My reflection was interrupted by Brandsen's introducing the great ballerina Alexandra Radius. She was one of the great stars of my youth and I remember seeing her in London. A short video showed her dancing various roles. Brandsen reminded us of her enormous contribution to the company. Then she entered the stage. A strikingly beautiful and elegant woman.  Brandsen explained that an award known as the Alexandra Radius prize had been established in her honour for the most outstanding dancer of the year. It had been won by Matthew Golding in 2011, Igone de Jongh in 2003, Casey Herd in 2012 and Anna Tsygankova in 2007. This year's winner was Maia Makhateli who had once danced with the Birmingham Royal Ballet. Impressively as she was born in Georgia and has spent much of her life in English speaking countries she delivered her acceptance speech in what appeared to me to be fluent Dutch. A film showed her dancing the great ballerina roles.

In honour of Alexandra Radius the first pas de deux of the evening was Voorbij Gegaan which I understand to mean Gone Forever. That piece had been choreographed by Rudi van Dantzig for Radius and her husband Han Ebelaar. On Tuesday it was danced by de Jongh and Herd. That was the first time I had seen de Jongh dance and she was wonderful. So, too, was her partner. I savoured every single step, turn and lift as I would a fine claret.

Next came Anna Ol and Semyon Velichko. Those dancers have only just joined the company so this was a first opportunity to see them not only for me but for most of the audience. They danced the final pas de deux between Solor and Nikiya in the kingdom of the shades from the last act of La Bayadère. Having seen Denis Rodkin and Irina Kolesnikova in that role at the Coliseum on 23 Aug 2015 the choreography and music were fresh in my memory (see Blown Away - St Petersburg Ballet Theatre's La Bayadere 24 Aug 2015). The Dutch version had been choreographed by Natalia Makarova and Minkus's music had been arranged by John Lanchberry.

That beautiful pas de deux was followed by Juanjo Arques's Rewind danced by Suzanna Kaic and Vito Mazzeo to music by Gorecki. Arques had created Blink for the Junior Company which had been a great success in both Amsterdam and London (see Junior Company in London - even more polished but as fresh and exuberant as ever 7 June 2015). I made his acquaintance at the reception that followed the first night of the Junior Company's tour and have followed his career very closely ever since. Arques took a bow after the performance of his work and it was great to see him.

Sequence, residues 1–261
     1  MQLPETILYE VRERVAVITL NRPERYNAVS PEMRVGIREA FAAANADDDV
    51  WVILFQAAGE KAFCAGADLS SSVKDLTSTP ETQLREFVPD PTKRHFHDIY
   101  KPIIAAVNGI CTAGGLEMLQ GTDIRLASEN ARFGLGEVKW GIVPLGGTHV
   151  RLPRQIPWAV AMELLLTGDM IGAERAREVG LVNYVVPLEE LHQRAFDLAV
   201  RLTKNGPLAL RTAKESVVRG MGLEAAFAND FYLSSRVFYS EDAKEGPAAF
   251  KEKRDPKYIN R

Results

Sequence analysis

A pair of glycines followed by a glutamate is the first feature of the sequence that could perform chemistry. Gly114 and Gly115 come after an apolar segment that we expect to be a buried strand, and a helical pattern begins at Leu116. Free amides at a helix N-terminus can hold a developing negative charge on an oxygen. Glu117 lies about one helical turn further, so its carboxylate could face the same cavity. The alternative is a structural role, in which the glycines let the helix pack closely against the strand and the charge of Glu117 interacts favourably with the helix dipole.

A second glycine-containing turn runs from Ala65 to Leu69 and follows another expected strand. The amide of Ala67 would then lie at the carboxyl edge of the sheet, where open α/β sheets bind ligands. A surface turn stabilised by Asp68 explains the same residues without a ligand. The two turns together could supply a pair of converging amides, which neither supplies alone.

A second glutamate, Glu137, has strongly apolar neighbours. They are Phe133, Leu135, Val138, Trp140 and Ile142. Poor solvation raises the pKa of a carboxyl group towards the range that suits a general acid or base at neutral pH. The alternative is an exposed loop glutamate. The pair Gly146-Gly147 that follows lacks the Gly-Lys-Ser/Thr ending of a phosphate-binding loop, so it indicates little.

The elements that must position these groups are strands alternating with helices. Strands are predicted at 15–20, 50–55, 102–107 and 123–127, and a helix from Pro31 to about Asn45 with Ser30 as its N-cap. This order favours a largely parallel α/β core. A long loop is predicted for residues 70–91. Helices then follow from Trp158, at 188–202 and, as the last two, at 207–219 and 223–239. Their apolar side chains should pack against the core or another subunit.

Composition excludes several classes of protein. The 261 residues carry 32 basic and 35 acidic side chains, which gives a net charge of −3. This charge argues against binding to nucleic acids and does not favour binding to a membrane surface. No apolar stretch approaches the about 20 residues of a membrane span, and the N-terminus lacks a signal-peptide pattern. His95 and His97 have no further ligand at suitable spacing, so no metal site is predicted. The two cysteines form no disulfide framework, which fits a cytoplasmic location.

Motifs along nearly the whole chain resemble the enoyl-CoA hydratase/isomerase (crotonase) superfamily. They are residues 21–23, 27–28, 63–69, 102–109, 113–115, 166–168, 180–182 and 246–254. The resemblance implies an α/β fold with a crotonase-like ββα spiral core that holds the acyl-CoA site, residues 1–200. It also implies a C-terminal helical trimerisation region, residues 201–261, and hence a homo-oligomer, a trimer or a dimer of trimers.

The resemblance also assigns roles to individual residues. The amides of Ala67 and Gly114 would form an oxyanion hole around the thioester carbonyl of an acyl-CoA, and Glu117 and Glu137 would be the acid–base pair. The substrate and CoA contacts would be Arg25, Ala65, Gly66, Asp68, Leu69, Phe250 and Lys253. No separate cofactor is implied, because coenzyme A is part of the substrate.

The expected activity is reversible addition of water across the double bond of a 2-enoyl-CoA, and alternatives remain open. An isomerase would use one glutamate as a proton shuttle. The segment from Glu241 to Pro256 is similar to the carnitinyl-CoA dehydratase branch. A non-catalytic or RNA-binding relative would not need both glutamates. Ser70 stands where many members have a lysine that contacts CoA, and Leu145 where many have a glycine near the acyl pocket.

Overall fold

A work from the English choreographer David Dawson came next. I had admired greatly his Empire Noir in Cool Britannia and had been looking forward to On the Nature of Daylight danced by Sasha Mukhamedov and James Stout to the music of Max Richter. I felt a surge of patriotic pride in this largely British line-up. It was very different from Empire Noir but no less enjoyable. Dawson has spent much of his career in Amsterdam and is now an associate artist of the company.  It would be good to see more of his work at home.

Next came Two Pieces for Het choreographed by the great Hans van Manen for Makhateli and Remi Wörtmeyer to music by Erkki-Sven Tüür and Arvo Pärt. These were composers I had not heard before. The performance was received enthusiastically.  

The first half of the evening was rounded off gloriously by Golding and Tsygankova's pas de deux from the black Act of Swan Lake. That was thrilling although I couldn't help thinking of my own shortcomings when I tried to learn Siegfried's solo at KNT's ballet intensive last month (see KNT's Beginners' Adult Ballet Intensive - Swan Lake: Day 3 20 Aug 2015). They were as magnificent in Swan Lake as they had been in Cinderella on 8 July 2015 (see Wheeldon's Cinderella 13 July 2015). Apparently it is not the done thing in Amsterdam to clap until Legnani's  32 fouettés are completed. I started clapping when I would in London and quickly stopped after attracting stares.

There were more free drinks and tempting chocolates on every table in the interval.  I bought my daughter manquée (otherwise known as Vlad's mum) a Michaela DePrince T-shirt. As I think I have mentioned more than once in this publication I was married to a Sierra Leonean for nearly 28 years and we gave refuge to a young woman from Freetown in 1990. She later read economics at Cambridge, married a splendid chap from Ghana and they now have a little boy known as Vlad-the-Lad. She is the nearest I have to a daughter and she has been a great comfort to me in the 5 years since my late spouse died. Like many Sierra Leoneans she takes enormous pride in the achievements of Michaela DePrince. When she heard I was going to Amsterdam she asked me whether I might meet DePrince. "It's very unlikely" I told her. "There will be so many people at the party and I am sure Ms DePrince will be surrounded by well wishers. But I can try to get you a Michaela T-shirt."  Before the gong sounded I met two acquaintances from England: Alison Potts (immediate past chair of the London Ballet Circle and Helen McDonough from the Wirral who contributes under the moniker DonQ Fan.